Judges invite students, professors to join them in learning more about Indigenous Peoples and the justice system

Seminar co-hosted by Court of Queen's Bench takes place at Law Centre January 28

Helen Metella - 24 January 2020

A large contingent of Alberta's judges will join University of Alberta law students and law professors on January 28, to seek a deeper understanding of Indigenous Peoples's relationship with Canada's justice system.

The three-hour seminar, Indigenous Peoples and the Justice System, is a joint initiative of the Court of Queen's Bench of Alberta and the University of Alberta.

"Indigenous perspectives have not historically been embedded in our legal systems - in our legislation, court decisions, advocacy," said Chief Justice Mary Moreau of the Court of Queen's Bench of Alberta.

"This is changing and those of us who are working in the justice system, such as judges and faculty members, as well as those who are just being introduced to our justice system, such as students, all need to be part of this learning."

The topics that will be addressed at the seminar are "among some of the core considerations for the justice system to be aware of," said Moreau.

Four presentations will cover the following: Indigenous Peoples and the governments of Alberta; Indigenous legal landscapes of Alberta; Indigenous lawyers and the justice system; and Indigenous laws and the justice system.

Presenters are Shalene Jobin, an associate professor in the Faculty of Native Studies and co-director of the Wahkohtowin Legal Governance Lodge (WLGL); the Honourable Leonard S. (Tony) Mandamin, a recently retired Federal Court of Canada judge; Koren Lightning-Earle, legal counsel for WLGL; and Professor Darcy Lindberg of the Faculty of Law, respectively.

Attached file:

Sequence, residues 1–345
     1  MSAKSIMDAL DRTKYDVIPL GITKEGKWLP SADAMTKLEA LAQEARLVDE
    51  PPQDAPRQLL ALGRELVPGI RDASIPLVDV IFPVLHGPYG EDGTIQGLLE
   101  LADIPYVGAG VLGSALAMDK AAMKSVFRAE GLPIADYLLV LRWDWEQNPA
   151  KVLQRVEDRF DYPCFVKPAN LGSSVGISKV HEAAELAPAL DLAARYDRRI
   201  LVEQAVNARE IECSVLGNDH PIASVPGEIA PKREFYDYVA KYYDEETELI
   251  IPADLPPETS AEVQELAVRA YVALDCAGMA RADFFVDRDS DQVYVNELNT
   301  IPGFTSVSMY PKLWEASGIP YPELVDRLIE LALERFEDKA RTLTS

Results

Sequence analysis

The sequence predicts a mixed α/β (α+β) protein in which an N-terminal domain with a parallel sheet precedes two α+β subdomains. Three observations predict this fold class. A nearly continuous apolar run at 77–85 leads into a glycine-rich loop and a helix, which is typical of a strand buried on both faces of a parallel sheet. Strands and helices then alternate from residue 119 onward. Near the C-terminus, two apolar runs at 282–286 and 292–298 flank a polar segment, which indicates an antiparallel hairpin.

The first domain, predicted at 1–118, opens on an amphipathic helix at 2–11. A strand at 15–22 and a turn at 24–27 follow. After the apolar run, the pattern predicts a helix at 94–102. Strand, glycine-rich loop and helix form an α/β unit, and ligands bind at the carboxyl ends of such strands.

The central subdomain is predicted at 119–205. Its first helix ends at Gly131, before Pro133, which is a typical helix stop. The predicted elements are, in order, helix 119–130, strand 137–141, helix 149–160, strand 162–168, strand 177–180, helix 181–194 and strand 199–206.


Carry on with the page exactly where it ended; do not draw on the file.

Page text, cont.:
The Court is focused on furthering the process of reconciliation in Canada by reaching out to Indigenous and other communities, said Justice Steve Mandziuk, the incoming co-chair of the Court's Diversity, Inclusion and Access Steering Committee.

Recent outreach by the Court includes last fall's initiative to bring eagle feathers to all three levels of Alberta's courts so Indigenous witnesses can use them to swear their oaths; a symposium last January in Calgary, which included a guided tour of an Indigenous courtroom; and a judicial education seminar last May hosted by the Court of Queen's Bench and the Court of Appeal of Alberta, which focused on the Calls to Action contained in the "Final Report of the Truth and Reconciliation Commission of Canada." The Court of Queen's Bench also hosts an annual Indigenous Career Day for high school students. The next one will be held in Edmonton on March 4.

"We are hoping (the January 28) symposium expands people's awareness and encourages participants to seek out other learning opportunities because knowledge improves understanding," said Mandziuk.

Indigenous Peoples and the Justice System takes place Tuesday, January 28, in McLennan Ross Hall at the Law Centre from 2:00 to 5:00 p.m. It will be followed by a reception hosted by the Canadian Bar Association from 5:00 to 6:30 p.m.